• Living with DCM

    by Griff-the-Tiff on 11 July 2008

    Yes, I've finally cracked the blog! I needed some help from Caspar but finally I've made it.

    I'm a 61 year old grandfather with 3 adult children and 2 grandchildren. So far I'm the only one in my family to have DCM but, as I've never smoked or drunk alcohol to excess, the cause has to be genetic, especially as my father died of it when he was 53. He was a Master Builder and was moving concrete paving slabs when it struck but then in 1949 even the doctors didn't know much about Cardiomyopathy.

    I was diagnosed in February, 2000. At that time I was cycling to work each day which entailed riding up a hill every evening on my way home. By the time I arrived my chest was really painful. Obviously totally out of condition but, being a man, I ignored it for at least 3 years. Then I started to wake up at night, take a couple of deep breaths and go back to sleep. I finally admitted something wasn't right and trotted off to my GP. Next thing I knew I was in hospital with the echocardiogram technician commenting,'It's the biggest heart I've ever seen!' Not much patient care there then, although accurate and honest.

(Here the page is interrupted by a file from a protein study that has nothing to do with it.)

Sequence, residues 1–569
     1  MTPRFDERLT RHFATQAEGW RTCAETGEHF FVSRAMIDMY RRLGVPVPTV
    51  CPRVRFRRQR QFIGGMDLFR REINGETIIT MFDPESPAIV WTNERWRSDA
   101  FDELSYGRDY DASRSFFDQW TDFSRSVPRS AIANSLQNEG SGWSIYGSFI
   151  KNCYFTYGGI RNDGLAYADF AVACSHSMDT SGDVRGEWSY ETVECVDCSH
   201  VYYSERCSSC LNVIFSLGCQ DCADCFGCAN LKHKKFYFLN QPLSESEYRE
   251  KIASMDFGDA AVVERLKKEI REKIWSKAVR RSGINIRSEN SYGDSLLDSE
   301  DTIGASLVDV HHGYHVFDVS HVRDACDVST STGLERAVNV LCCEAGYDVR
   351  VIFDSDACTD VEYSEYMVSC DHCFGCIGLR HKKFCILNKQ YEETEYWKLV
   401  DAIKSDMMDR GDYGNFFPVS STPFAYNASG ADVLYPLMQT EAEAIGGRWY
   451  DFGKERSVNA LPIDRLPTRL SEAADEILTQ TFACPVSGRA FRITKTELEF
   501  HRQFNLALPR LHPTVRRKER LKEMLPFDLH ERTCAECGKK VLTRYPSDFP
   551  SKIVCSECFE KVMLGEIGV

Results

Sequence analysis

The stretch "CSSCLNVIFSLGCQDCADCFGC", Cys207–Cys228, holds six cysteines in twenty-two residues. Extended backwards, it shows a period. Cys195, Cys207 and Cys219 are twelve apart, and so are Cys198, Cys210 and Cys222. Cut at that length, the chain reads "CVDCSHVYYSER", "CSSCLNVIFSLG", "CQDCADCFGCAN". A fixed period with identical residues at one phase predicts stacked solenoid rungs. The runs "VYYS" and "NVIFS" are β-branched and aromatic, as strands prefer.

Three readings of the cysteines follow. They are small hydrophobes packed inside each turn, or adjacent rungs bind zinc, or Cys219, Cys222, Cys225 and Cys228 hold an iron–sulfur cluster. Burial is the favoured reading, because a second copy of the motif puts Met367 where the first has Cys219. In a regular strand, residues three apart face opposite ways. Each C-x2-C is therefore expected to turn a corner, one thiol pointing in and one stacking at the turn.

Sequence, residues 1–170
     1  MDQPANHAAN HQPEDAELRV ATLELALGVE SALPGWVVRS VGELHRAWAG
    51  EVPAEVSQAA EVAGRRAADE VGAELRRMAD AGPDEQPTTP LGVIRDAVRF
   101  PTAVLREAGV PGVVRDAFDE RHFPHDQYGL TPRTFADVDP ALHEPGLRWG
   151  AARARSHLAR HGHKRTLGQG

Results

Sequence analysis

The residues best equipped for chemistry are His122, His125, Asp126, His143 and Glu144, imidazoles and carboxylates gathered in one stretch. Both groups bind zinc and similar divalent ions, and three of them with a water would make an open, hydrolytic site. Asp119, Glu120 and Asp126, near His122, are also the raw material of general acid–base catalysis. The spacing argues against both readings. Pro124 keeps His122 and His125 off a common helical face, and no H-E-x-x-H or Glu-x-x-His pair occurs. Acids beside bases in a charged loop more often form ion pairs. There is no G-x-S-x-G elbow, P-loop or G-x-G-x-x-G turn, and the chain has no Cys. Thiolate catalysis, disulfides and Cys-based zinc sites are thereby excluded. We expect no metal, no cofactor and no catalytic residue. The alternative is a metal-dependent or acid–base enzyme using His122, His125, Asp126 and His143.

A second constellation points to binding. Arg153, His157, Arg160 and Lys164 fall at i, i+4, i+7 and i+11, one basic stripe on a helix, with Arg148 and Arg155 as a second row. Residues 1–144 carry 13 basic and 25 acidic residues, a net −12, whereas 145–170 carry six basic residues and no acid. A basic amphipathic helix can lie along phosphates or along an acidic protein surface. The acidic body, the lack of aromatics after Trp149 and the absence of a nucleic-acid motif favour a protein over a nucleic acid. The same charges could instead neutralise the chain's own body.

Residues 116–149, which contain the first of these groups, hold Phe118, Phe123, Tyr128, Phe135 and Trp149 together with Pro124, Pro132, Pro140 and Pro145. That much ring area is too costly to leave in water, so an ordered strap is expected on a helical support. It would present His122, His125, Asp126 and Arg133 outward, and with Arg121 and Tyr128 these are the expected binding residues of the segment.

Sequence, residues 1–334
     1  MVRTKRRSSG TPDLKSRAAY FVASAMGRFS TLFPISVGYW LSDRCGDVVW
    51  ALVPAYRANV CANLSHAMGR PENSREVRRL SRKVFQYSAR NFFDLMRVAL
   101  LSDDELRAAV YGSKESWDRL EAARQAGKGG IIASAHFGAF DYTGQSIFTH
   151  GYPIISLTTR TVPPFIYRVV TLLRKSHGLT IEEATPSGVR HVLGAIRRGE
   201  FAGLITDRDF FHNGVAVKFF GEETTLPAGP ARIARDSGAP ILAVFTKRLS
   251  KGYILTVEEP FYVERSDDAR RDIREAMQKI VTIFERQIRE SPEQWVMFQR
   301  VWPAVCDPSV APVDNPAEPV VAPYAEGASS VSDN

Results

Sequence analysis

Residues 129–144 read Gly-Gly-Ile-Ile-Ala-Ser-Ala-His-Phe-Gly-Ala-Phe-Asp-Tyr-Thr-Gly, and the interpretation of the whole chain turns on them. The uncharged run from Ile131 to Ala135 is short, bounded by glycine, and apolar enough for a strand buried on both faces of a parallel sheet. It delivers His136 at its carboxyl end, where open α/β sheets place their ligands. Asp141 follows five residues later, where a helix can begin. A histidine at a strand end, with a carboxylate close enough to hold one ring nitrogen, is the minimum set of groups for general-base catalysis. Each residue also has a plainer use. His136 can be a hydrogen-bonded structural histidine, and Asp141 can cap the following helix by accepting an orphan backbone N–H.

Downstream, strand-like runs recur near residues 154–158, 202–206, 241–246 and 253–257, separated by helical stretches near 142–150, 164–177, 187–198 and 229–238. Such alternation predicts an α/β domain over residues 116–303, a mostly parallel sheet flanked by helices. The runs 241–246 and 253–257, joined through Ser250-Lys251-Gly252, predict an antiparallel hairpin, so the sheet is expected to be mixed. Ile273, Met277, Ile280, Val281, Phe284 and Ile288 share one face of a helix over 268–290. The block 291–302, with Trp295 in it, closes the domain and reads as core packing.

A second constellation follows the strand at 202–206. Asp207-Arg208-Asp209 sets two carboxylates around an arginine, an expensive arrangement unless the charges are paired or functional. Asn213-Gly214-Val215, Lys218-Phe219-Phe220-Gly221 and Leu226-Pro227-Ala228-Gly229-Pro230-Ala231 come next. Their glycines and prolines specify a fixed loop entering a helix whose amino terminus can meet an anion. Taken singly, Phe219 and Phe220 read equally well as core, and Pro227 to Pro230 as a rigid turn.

We started on the medication trail. My main problem was that every time the dose was raised my blood pressure went through the floor and took about a week to stabilise. My consultant quickly appreciated that I needed a bi-ventricular pacemaker fitted but, when they came to fit it at Papworth Hospital, they were unable to connect the third wire for physiological reasons (quite a common occurrence, it seems) so I ended up with a standard pacemaker for a couple of years.